Former Cowboys QB Tony Romo Responds To Peyton Manning's Criticism

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DALLAS (105.3 The Fan) - Former Dallas Cowboys quarterback Tony Romo joined the Ben and Skin Show on 105.3 The Fan to talk about the latest on his golf game, the Cowboys offensive changes, Bill Belichick, and Peyton Manning's criticism.

Romo successfully defended his celebrity golf title in the American Century Championship at Edgewood Tahoe Golf Course this past weekend, but he’s making headlines for football reasons, as Manning may have taken a veiled shot at Romo for his dedication – or lack thereof – to the game during his Dallas Cowboys days.

“I saw where Tony Romo said that he always knew that he wanted to be a broadcaster. Well, I always knew I wanted to be a football player,” Manning said. “That’s all I knew. I was all-in on that job. I didn’t think about anything else while I was playing. And I think that’s a good way to be. I think you’ve got to be all-in on what you’re doing.”

Manning, 43, reportedly turned down a job as a Monday Night Football analyst because he didn’t want to analyze Eli Manning’s play. Manning, who has said yes to certain projects and no to others, is open to being a broadcaster one day but said “it’s just not the right time for me.”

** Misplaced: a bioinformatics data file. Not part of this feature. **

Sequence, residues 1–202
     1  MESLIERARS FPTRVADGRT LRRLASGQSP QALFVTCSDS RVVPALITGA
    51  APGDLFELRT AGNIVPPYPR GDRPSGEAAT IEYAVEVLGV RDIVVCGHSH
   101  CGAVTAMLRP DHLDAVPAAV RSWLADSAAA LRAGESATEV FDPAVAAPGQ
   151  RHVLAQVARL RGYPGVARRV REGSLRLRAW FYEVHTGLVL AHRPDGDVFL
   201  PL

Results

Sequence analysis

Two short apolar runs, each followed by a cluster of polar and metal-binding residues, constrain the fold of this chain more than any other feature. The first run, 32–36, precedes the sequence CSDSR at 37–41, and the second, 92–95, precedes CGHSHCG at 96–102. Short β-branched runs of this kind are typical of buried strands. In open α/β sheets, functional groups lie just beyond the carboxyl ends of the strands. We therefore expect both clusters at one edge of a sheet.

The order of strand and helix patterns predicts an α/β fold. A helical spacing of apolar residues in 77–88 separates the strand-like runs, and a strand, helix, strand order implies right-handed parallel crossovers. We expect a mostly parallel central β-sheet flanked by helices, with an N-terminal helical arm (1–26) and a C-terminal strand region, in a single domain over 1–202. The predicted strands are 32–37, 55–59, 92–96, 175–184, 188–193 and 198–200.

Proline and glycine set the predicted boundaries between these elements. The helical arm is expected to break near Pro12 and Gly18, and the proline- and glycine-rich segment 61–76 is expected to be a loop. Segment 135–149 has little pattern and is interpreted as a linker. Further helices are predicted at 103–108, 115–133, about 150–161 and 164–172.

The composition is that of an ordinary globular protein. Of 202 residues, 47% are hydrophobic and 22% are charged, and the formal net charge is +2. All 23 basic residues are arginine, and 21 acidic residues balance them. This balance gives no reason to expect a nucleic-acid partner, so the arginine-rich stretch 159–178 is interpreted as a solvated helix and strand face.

Romo had a chance to respond to Manning on Wednesday:

"I actually hadn't heard those comments. I like to tunnel the little bubble I live in. But, ultimately, that's something I never actually said," Romo said. "I didn't start thinking about being a broadcaster until I was contemplating retirement. And so at that point, then you're going to start thinking about your next stage. 

"Like anything, when you're playing football it's all-consuming. Literally, nothing else (matters) ... when you go off to training camp you don't even know what's happening in the world. I feel like right now it's also still a little bit of that being a broadcaster. I love it, I enjoy it. But I think that was never apart of the mindset when you're playing football. I mean, that would be silly to say you were thinking about something like that.

"I'm done playing, I'm in broadcasting and golf, and say, 'hey, if we're going to do this let's not be average, let's try and be really good at this.' And that's the next mindset you do. For me, it would be hard for me to sit back and say 'oh, I'm pretty good.' That's not my mental makeup." 

Listen to the rest of the interview right here: